So I became very friendly and helpful to this lady, and while I wasn’t there for the moment of birth, I was there just a few hours later, the two of us in her recovery room, when the baby was brought to her for her first nursing. That baby and I just connected, I mean to tell you! I became her Godfather (along with her siblings and even another wonderful girl), and today that baby is a beautiful 24 year old pursuing her music career. Oddly it may seem, but the girl is so very much like my wife was, even physically, her own mother has remarked so many times about all the similarities. Of course we believe in reincarnation, but the mother and I do have differing views to a large extent. That is the joy of spirituality in my way of thinking, that it truly is personal. I truly believe that which my wife saw clearly at her transcending, that we each are the manifestation of our own God. Every religion that seeks to bind people to one belief system to me is nothing more than slavery of the Mind.
For myself, God is unknowable, but definitely not an old white guy with a beard. God to me is the Void from which all emanates, the great Mind of which each of our minds is a part in the grand scheme. We must remember the enormity of life as we know it, in all its varieties on Earth, and at the same time know that we are infinitely small in the overall scheme of the Universe, its space, gravity, constituency, energy and dynamics. God to me is a vast information store, and our own minds are part of the processor. What we think is brought into “reality” (samsara). Buddha is said to have said, “All is Mind.” As our telescopes and probes go further into space itself, perhaps that space manifest only in our Mind, because we observe it, just like quantum experiments are affected by the observation of the physicists conducting the experiment (this is true if you don’t know).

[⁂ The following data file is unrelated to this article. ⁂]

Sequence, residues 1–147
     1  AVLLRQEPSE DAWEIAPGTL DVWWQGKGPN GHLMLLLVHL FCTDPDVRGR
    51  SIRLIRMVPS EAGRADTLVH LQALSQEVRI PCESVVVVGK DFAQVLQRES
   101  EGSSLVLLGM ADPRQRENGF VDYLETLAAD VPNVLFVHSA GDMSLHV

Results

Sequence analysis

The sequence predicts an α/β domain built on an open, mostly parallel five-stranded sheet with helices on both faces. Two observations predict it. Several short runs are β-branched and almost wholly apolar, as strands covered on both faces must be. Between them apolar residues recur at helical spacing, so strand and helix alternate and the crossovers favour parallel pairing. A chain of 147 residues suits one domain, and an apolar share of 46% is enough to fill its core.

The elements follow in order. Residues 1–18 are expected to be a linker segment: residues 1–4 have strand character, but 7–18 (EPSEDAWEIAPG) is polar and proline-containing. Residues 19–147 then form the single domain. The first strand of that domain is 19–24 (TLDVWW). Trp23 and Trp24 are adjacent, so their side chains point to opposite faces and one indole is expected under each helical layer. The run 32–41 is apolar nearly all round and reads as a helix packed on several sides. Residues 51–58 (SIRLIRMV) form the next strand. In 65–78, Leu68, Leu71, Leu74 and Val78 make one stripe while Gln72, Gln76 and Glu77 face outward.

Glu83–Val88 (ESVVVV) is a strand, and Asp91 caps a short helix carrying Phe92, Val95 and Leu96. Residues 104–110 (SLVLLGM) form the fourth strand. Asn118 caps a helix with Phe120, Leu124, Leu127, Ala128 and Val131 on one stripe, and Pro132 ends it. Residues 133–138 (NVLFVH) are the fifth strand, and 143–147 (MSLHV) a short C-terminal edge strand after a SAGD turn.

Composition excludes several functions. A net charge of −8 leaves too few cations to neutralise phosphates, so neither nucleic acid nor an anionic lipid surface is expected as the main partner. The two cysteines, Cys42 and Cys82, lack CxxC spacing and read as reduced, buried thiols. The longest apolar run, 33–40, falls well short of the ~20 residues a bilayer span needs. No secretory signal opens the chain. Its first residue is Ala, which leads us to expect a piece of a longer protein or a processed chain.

So I ask you what you believe? Do you believe you go to “Heaven,” and if so what will it be like? What body will you have, the body you die with, or one 16 years old? and what mind will you have? Will you not have any sexuality? Or will you enjoy 16 virgins if you are a man, or hopefully 16 young men if a woman? Or do you believe the bodies will be resurrected from the soil? What about those that are cremated or otherwise vaporized over millennia?
I think it is important to use the mind that your God gave you, and not merely be a religious pawn, blindly following stuff written by monks or holy men who were as lost and confused as most of us. Know the real history of any religion you follow, do not just blindly accept it. Know the Truth and the Truth Shall Set You Free. Someone said, I think the musical artist George Clinton, “free your mind, and your ass will follow.” I take those words literally.
It is very important that we live in the moment, savoring each moment, and doing our best to practice what sages have taught going back to early Judaism, Confucius, the Greek philosophers, the Kemetian principles of Ma’at (which cover everything in the Ten Commandments, and all other “good books.”), and the spiritual realizations of all tribal and “pagan” religions. The only one I ascribe to is the One that is the Totality of All.
My wife’s mother and I became great friends after she lost her only child. She was a Christian woman, and I never attempted to argue religion with her, but made it clear to her I was a Buddhist. But she was not interested in that, and one day said to me, “Well Joe, you are a good man, you do good things…….so, you are a Christian.” To her that was what Christianity was, simply living life as the Jew who was crucified lived it. I miss her.